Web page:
Lithium 2,6-Difluoroanilide Decomposition Hazard

Paul A. Deck
Blacksburg, Va.

Chemical & Engineering News (28 February 2005) Vol. 83, No. 09, p. 8


The title compound, which we prepared from 2,6-difluoroaniline and n-butyllithium in diethyl ether solution, is a touch-sensitive explosion hazard. While transferring the vacuum-dried yellow solid from a glass fritte (inside a nitrogen-atmosphere glove box), a sudden, violent decomposition occurred in two stages, scattering pea-sized pieces of glass and sooty black powder throughout the glove box. Fortunately, the student conducting these operations was not injured, and no additional problems were encountered upon cleanup.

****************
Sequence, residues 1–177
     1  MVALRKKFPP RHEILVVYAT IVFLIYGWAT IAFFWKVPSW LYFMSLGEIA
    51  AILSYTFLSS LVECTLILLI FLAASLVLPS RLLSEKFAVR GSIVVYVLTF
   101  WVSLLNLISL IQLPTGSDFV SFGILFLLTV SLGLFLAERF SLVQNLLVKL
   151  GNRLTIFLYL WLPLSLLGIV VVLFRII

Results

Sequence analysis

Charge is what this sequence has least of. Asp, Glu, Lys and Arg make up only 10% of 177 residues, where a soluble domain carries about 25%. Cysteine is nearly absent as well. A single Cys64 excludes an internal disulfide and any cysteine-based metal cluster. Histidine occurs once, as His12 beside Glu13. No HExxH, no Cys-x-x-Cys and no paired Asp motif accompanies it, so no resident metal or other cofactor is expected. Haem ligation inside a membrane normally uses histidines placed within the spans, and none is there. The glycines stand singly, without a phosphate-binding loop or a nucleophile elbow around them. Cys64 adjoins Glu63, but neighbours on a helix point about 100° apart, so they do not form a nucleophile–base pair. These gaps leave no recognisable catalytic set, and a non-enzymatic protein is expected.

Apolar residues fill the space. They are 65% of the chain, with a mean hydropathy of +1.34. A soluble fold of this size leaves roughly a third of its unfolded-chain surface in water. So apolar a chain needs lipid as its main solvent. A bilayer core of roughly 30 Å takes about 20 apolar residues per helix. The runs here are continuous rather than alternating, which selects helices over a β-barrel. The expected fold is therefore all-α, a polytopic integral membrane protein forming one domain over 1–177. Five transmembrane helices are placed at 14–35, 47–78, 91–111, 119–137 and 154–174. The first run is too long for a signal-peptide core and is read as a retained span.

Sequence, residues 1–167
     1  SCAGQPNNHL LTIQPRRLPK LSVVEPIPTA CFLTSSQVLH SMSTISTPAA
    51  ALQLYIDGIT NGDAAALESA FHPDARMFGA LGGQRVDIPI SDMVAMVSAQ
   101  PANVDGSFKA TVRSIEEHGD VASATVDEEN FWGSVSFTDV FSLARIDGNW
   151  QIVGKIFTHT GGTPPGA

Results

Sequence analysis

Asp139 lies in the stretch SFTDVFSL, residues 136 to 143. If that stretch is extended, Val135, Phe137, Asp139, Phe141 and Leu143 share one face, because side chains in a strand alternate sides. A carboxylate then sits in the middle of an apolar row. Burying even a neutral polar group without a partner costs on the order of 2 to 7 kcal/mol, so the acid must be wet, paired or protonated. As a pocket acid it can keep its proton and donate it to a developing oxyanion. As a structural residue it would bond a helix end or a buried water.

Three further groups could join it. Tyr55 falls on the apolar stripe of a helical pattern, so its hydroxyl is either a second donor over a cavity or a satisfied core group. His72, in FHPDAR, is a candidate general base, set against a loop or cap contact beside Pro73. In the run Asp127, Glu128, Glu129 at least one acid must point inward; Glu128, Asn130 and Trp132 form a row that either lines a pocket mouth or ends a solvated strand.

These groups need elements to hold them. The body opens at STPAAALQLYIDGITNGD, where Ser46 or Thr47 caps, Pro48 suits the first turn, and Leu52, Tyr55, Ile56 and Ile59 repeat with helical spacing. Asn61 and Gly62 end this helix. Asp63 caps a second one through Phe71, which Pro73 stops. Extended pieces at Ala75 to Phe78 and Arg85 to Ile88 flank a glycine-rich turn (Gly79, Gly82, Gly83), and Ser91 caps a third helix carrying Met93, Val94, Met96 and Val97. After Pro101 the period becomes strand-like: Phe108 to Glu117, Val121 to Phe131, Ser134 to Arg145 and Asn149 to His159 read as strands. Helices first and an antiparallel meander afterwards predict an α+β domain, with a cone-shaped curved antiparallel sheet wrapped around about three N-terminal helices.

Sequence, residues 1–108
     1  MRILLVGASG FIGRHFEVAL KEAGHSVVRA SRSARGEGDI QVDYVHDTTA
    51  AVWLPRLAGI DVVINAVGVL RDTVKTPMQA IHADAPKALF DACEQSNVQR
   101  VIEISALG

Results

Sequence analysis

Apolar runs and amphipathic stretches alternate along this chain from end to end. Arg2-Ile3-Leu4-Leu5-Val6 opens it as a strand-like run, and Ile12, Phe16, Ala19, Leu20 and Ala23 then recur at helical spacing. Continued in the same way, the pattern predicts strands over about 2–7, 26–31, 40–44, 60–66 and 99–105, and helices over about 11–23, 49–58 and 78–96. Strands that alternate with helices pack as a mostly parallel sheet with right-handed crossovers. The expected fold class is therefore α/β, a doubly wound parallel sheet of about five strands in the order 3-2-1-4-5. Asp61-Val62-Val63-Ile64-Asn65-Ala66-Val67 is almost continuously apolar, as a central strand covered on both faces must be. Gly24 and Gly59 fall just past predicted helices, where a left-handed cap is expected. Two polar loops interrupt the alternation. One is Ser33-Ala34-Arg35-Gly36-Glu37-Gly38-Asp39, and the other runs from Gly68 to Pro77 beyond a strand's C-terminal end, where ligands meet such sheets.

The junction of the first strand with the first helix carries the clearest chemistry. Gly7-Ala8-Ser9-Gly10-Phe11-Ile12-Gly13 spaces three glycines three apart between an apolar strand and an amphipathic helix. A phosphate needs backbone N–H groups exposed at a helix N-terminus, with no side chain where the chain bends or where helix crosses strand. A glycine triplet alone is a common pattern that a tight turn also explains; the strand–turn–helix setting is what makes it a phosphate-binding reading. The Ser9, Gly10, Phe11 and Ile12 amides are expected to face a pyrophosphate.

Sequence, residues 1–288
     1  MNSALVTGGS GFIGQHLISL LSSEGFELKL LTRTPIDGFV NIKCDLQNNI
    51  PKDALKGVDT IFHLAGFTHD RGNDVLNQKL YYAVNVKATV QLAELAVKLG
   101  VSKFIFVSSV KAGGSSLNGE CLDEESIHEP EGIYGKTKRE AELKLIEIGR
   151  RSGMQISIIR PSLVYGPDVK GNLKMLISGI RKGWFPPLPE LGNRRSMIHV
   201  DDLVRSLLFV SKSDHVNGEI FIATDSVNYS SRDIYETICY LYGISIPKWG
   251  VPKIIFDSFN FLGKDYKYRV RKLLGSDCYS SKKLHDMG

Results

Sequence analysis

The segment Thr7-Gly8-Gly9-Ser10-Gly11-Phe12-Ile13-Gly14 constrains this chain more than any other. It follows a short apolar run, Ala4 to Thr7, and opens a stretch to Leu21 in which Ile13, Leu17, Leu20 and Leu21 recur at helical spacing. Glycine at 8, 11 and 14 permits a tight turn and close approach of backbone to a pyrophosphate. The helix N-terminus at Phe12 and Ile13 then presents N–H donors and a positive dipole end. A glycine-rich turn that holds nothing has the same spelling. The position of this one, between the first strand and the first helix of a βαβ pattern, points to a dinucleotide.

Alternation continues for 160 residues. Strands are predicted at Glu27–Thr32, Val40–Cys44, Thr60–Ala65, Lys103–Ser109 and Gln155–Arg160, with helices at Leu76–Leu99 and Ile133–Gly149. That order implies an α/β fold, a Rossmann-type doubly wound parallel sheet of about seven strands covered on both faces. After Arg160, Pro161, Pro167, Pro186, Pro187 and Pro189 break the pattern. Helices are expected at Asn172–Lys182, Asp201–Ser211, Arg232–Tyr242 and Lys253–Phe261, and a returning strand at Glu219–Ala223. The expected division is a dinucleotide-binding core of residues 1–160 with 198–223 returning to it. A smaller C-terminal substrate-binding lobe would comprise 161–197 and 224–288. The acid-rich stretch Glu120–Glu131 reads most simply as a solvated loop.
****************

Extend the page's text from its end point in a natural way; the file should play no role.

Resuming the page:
Although we are keenly aware that fluorinated aryllithium and alkyllithium compounds can be treacherously unstable, we did not find lithium fluoroanilides or lithium fluorophenoxides mentioned in Bretherick's "Handbook of Reactive Chemical Hazards" (6th Edition). Moreover, several fluorinated lithium anilide etherates have been crystallographically characterized. Nevertheless, we must concur with Peter Urben's cautionary advice [C&EN, July 8, 1996, page 3] against isolating, free of solvent, any compounds containing both C–F and highly reactive metal-nonmetal bonds.



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